By Paul Hodgson – Chief Research Analyst
With more news on Deutsche executive remuneration, following on from last week’s rejig of pay, the Financial Times reports that Werner Wenning, the former CEO of Bayer, who is on the Deutsche Bank board of directors is a supporter of pay limits. According to the FT, Herr Wenning said in an interview on Sunday with the Frankfurter Allgemeine: “It is necessary and right to put an end to pay excess . . . I am in favour of caps…. No manager, also no investment banker, needs to earn an amount in the double-digit millions.” This was shortly after the Deutsche co-CEOs had indicated that they were not in favor of caps.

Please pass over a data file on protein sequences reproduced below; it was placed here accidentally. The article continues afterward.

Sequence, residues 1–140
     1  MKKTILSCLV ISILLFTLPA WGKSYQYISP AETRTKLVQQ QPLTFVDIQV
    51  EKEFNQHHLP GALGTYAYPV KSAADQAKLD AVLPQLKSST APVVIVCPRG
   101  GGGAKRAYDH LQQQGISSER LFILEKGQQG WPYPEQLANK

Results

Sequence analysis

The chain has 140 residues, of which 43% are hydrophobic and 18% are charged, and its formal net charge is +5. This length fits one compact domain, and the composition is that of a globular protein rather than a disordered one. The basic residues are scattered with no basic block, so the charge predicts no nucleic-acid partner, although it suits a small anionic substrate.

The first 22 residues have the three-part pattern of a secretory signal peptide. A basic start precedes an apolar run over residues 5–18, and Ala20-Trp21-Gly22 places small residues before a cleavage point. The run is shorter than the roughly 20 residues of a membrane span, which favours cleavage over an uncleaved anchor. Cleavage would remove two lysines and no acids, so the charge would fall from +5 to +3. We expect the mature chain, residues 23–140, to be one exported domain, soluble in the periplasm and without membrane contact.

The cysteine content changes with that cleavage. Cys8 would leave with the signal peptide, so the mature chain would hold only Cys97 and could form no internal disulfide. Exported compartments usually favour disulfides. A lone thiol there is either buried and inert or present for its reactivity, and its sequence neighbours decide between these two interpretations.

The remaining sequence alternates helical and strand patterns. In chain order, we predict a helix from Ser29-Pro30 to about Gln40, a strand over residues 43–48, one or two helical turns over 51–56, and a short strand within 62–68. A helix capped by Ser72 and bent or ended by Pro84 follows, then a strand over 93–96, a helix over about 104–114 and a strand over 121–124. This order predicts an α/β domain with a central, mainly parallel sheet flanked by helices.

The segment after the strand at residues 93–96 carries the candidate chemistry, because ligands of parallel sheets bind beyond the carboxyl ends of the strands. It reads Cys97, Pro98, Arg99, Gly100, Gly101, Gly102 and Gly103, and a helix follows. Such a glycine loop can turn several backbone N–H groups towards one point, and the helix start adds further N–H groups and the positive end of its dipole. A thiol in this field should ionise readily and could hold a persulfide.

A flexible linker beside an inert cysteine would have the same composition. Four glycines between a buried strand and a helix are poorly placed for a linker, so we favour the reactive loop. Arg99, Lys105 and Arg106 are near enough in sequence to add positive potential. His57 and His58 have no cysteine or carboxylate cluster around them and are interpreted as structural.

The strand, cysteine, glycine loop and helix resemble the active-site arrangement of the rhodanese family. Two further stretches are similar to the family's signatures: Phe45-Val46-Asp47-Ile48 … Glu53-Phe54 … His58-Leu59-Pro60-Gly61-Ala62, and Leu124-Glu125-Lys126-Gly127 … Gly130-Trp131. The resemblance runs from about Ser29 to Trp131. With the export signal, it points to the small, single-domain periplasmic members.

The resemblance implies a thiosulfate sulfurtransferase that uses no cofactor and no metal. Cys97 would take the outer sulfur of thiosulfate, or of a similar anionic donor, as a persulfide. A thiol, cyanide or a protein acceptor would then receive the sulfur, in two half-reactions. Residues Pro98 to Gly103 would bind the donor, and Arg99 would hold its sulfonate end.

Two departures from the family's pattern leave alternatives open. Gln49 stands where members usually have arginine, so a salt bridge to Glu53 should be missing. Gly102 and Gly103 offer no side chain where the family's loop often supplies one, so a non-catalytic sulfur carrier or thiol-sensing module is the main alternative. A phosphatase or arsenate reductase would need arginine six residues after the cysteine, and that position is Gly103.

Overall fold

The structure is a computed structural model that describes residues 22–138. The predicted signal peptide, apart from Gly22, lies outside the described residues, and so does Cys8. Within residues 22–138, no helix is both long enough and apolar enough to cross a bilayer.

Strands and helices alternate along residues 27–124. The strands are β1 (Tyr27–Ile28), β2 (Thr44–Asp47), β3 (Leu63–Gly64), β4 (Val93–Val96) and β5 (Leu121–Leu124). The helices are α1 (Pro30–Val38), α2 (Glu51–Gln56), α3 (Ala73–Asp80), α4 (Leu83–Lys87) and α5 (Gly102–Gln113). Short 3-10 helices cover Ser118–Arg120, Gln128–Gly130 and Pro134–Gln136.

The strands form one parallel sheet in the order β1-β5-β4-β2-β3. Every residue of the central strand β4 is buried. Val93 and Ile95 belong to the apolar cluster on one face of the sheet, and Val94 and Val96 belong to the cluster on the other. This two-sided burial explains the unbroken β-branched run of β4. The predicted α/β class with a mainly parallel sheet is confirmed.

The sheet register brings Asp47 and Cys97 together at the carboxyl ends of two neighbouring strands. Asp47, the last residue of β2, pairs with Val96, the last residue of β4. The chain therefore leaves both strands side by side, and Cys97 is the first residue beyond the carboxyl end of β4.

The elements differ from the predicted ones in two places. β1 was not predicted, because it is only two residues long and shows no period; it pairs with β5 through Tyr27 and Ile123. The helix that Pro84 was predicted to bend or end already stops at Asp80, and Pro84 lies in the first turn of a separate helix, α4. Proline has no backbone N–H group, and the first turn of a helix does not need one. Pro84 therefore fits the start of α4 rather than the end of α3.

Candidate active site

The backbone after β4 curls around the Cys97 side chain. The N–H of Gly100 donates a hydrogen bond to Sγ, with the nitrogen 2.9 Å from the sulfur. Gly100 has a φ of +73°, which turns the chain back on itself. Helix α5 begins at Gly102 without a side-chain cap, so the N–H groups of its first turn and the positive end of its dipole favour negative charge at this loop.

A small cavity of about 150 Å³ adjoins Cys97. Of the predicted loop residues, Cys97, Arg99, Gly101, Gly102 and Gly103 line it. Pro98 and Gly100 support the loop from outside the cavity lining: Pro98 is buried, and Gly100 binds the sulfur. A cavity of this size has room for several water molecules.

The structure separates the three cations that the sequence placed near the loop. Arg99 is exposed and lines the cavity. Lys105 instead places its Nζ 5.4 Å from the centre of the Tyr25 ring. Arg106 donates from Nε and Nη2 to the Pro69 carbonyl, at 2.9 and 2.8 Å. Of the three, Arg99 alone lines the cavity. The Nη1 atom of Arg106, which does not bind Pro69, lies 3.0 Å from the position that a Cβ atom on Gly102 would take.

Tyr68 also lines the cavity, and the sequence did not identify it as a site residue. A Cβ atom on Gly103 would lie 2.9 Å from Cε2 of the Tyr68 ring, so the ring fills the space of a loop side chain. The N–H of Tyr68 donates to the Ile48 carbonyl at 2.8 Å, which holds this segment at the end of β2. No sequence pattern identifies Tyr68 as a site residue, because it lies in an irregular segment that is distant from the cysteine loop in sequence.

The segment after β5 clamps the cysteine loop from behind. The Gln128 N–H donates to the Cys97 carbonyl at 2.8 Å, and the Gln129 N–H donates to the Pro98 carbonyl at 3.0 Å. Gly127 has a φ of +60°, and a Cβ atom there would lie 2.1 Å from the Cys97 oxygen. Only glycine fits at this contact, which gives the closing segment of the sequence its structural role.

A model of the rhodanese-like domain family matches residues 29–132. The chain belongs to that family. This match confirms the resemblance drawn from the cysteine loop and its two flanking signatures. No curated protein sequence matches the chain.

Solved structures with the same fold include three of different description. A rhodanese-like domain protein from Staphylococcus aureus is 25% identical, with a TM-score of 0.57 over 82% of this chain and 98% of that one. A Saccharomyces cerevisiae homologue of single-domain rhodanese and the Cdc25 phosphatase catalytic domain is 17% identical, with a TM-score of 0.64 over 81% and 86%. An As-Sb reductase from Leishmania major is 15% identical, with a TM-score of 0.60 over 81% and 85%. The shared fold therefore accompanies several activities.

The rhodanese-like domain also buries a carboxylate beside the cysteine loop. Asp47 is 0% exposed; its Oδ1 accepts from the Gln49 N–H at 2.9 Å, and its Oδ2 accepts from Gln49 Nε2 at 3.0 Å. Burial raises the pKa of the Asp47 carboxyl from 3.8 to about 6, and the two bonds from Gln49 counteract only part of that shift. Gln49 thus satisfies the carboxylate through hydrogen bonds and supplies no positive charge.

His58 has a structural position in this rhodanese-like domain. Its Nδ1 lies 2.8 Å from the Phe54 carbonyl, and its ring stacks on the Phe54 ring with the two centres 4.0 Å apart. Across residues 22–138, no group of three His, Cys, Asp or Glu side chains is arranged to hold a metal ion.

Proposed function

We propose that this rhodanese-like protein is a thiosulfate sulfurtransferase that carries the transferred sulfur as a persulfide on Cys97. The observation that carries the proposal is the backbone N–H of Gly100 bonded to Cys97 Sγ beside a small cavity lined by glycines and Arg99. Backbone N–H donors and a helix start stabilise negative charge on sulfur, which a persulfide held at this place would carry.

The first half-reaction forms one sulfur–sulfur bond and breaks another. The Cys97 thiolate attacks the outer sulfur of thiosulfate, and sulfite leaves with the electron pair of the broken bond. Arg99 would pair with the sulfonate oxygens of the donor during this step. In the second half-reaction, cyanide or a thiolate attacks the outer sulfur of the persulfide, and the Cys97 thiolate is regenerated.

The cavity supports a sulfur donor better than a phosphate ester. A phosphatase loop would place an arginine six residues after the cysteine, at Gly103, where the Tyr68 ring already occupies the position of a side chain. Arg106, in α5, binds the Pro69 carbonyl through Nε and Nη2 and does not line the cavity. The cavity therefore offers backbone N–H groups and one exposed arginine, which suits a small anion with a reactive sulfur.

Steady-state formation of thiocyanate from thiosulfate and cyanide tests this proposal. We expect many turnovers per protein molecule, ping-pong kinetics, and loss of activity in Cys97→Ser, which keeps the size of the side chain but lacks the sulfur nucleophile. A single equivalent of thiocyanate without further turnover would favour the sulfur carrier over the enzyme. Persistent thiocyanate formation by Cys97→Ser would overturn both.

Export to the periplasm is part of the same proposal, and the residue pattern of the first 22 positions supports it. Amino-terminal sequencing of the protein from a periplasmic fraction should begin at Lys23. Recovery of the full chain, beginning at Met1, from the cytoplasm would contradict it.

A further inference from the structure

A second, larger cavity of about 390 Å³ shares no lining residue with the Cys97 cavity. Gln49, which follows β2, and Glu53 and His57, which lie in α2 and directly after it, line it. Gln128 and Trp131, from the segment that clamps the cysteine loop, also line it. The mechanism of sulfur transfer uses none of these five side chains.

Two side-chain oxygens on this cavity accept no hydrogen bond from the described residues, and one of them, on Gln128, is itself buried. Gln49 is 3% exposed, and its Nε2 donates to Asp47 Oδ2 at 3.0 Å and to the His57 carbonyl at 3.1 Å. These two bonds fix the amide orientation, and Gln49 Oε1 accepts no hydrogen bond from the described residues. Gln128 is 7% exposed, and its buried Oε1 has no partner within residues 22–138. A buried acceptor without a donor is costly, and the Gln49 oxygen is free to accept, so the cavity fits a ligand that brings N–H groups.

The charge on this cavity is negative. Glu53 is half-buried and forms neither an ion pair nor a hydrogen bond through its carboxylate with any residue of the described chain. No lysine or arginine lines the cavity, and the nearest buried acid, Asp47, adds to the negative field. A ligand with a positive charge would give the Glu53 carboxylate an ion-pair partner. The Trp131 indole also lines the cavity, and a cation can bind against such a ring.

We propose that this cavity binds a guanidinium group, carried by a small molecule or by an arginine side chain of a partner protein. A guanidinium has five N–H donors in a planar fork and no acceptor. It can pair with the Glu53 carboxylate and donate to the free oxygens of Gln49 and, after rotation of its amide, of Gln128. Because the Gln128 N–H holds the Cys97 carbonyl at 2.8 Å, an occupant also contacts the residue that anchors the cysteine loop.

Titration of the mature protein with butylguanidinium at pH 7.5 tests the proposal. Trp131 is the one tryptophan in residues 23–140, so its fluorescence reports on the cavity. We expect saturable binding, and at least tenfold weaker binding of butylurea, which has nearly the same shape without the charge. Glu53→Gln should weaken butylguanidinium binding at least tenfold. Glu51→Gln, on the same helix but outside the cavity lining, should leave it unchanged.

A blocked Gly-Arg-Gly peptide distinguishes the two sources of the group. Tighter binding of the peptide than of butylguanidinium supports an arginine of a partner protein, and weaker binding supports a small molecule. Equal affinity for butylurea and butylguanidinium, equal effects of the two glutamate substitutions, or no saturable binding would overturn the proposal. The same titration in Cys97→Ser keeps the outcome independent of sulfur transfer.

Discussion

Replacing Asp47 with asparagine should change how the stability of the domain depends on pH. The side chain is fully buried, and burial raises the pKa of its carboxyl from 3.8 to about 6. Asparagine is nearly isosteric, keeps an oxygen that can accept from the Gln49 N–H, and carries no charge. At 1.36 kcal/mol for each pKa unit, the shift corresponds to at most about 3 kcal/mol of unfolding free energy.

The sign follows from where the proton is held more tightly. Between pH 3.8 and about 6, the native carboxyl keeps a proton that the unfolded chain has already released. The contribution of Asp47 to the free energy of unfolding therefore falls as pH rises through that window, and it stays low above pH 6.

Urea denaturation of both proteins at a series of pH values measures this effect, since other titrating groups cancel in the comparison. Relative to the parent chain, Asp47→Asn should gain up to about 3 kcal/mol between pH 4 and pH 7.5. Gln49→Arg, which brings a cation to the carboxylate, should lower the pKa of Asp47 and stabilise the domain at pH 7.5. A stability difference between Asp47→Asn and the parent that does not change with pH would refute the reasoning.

Credit Suisse has already taken steps towards capping the amount of money it spends on incentive pay, by limiting the pool it uses to pay out bonuses to 2.5 percent of net profit. While this does not set a limit to individual bonuses, it does restrict the bank’s proportionate spending, which is a positive move.
Such an idea is hardly revolutionary. Even in the U.S. most industries set a cap on cash incentives by structuring plans so they have threshold, target and maximum amounts. That is not the case for most investment banks, however.